Please email me for a pre-publication copy of this new paper …
Roger Pielke Jr.
University of Colorado Boulder
Environmental Hazards (in press, 2021)
Nowadays, in the aftermath of every weather disaster quickly follow estimates of economic loss. Quick blame for those losses, or some part of them, is often placed on claims of more frequent or intense weather events. However, understanding what role changes in climate may have played in increasing weather-related disaster losses is challenging because, in addition to changes in climate, society also undergoes dramatic change. Increasing development and wealth influence exposure and vulnerability to loss – typically increasing exposure while reducing vulnerability. In recent decades a scientific literature has emerged that seeks to adjust historical economic damage from extreme weather to remove the influences of societal change from economic loss time series in order to estimate what losses past extreme events would cause under present-day societal conditions. In regions with broad exposure to loss, an unbiased economic normalization will exhibit trends consistent with corresponding climatological trends in related extreme events, providing an independent check on normalization results. This paper reviews 54 normalization studies published 1998 to 2020 and finds little evidence to support claims that any part of the overall increase in global economic losses documented on climate time scales can be attributed to human-caused changes in climate, reinforcing conclusions of recent assessments of the Intergovernmental Panel on Climate Change.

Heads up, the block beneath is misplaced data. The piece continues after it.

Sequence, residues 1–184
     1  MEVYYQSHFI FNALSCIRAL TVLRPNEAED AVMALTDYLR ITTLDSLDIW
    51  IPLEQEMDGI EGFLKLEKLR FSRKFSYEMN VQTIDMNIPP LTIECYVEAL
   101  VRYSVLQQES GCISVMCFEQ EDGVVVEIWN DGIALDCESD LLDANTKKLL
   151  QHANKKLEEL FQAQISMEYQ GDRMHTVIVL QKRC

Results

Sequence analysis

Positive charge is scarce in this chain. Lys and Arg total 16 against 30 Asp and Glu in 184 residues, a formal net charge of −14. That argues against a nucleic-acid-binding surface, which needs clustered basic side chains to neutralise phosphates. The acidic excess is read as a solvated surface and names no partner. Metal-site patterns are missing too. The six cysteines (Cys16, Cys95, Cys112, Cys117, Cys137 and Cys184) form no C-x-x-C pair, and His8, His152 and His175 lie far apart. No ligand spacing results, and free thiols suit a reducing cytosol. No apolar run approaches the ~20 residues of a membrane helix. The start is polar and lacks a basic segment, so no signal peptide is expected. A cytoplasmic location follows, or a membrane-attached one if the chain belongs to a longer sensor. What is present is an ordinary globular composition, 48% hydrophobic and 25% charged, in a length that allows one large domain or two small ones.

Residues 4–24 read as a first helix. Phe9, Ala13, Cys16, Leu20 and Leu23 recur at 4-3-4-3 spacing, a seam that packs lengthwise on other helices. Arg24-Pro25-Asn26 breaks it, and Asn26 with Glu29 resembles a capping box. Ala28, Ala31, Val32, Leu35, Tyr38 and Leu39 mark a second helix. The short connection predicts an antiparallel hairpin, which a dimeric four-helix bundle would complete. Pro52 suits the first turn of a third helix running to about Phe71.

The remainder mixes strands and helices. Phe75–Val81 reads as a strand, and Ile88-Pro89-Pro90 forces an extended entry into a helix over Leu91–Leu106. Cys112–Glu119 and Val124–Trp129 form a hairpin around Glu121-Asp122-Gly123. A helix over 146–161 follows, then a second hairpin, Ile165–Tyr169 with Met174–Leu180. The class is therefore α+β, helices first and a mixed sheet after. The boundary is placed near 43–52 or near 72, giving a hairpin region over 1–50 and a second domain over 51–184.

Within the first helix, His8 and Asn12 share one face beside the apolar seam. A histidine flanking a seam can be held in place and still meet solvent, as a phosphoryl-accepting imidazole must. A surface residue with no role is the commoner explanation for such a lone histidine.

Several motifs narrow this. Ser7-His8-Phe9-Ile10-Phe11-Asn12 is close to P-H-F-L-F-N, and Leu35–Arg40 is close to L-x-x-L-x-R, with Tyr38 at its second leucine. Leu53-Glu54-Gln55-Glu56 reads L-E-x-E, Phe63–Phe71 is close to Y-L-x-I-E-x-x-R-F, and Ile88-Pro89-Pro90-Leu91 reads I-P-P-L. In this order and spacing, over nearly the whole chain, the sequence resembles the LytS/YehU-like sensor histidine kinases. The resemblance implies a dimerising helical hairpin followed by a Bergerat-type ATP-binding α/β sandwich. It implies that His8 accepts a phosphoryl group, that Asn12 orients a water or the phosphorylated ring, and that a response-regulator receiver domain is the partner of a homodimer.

A reader shared this with me (thanks MP), I was unaware that it was online. From 7 years ago …
Recording of a debate held at the Institute of Physics, 4th Feb 2013. Co-organised by Science Policy Research Unit, University of Sussex and the UCL’s department of Science & Technology Studies.
Policymakers often talk up the importance of evidence-based policy, with increasing calls for randomised controlled trials (RCTs) as the best way of testing whether particular interventions work. But finding and applying evidence in policy is anything but straightforard. Evidence alone rarely wins complex political arguments. Often this merely shifts the locus of debate to what counts as evidence.
Speakers: Roger Pielke Jr, Professor of Environmental Studies, University of Colorado at Boulder; Richard Horton, Editor of The Lancet; Georgina Mace, Professor of Biodiversity and Ecosystems, University College London; Jonathan Breckon, Alliance for Useful Evidence.
Chair: James Wilsdon, Professor in Science and Democracy, SPRU, University of Sussex.
Non-technical overview: Pielke, Jr. R. (2018). Opening up the climate policy envelope. Issues in Science and Technology, 34(4), 30-36.
Detailed history and critique: Pielke, Jr. R. and Ritchie, J., Systemic Misuse of Scenarios in Climate Research and Assessment (April 21, 2020). Available at SSRN: https://papers.ssrn.com/sol3/papers.cfm?abstract_id=3581777